Worldly Goods promises a new look at the European Renaissance from a different point of view. Lisa Jardine, a professor of English at the University of London, proposes an interpretation of the period in terms of the growth of commerce and a new consumerism and multiculturalism.
However, the information offered does not seem new. Rulers and wealthy men have always been conspicuous consumers. Jardine attempts, for example, to turn around our view of the flowering of art as merely a series of demonstrations of the wealth of patrons who commissioned the works, a sort of competition to show who is most wealthy or powerful. But simply providing examples of patrons who specified expensive materials or the inclusion of their goods in pictures doesn’t prove this point.
Jardine does a better job of showing how the development of printing made the exchange of ideas easier, thus affecting the advances in many different fields, including the arts and the sciences. However, her argument that the policy decisions of the period were all driven by the dictates of commerce is taking things too far, I think.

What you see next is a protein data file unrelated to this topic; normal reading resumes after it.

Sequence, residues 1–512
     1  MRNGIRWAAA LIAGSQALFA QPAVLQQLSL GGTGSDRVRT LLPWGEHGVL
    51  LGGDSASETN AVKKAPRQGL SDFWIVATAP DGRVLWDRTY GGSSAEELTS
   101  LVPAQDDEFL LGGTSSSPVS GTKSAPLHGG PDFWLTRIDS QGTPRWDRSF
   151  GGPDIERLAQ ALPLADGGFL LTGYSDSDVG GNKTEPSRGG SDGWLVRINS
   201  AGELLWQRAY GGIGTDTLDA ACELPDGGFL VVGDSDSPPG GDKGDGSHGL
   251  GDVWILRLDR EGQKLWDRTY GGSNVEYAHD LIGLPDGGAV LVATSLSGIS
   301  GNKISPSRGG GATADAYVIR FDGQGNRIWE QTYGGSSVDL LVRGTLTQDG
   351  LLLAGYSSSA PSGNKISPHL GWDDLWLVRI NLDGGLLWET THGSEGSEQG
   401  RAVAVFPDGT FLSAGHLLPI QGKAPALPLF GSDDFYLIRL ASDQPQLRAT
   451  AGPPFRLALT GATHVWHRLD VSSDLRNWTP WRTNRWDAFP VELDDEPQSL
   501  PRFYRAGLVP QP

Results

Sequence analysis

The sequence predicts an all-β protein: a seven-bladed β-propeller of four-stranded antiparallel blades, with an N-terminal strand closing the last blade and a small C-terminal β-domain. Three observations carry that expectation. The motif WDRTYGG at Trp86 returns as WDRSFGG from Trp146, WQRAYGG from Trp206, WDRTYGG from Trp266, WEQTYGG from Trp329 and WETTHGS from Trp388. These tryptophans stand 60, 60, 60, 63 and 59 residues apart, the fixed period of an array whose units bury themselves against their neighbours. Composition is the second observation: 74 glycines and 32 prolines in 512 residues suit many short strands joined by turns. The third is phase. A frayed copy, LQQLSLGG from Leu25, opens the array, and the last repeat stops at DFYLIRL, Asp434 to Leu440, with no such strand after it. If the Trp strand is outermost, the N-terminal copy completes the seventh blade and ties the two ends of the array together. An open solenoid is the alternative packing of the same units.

The book is well written and lively. It does not back up its assertions with footnotes or a bibliography, however, indicating that it is written for the general public but frustrating those who would like to look further. At some point, I felt that the examples were becoming too repetitive and no new points were being made. For example, Chapter Three is about the proliferation of books and printing, but Jardine continues to make the same points about printing and the sharing of scientific and technical information repeatedly throughout the rest of the book.
Although the history provides an interesting discussion of commerce during the Renaissance, it is oversold as a complete history of the period.